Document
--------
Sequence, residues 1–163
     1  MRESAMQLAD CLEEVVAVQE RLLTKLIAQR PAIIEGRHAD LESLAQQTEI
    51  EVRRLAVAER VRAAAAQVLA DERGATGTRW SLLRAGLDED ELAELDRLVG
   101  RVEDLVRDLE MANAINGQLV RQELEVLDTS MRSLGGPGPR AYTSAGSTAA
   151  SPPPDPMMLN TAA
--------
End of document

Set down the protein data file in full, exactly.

Sequence, residues 1–163
     1  MRESAMQLAD CLEEVVAVQE RLLTKLIAQR PAIIEGRHAD LESLAQQTEI
    51  EVRRLAVAER VRAAAAQVLA DERGATGTRW SLLRAGLDED ELAELDRLVG
   101  RVEDLVRDLE MANAINGQLV RQELEVLDTS MRSLGGPGPR AYTSAGSTAA
   151  SPPPDPMMLN TAA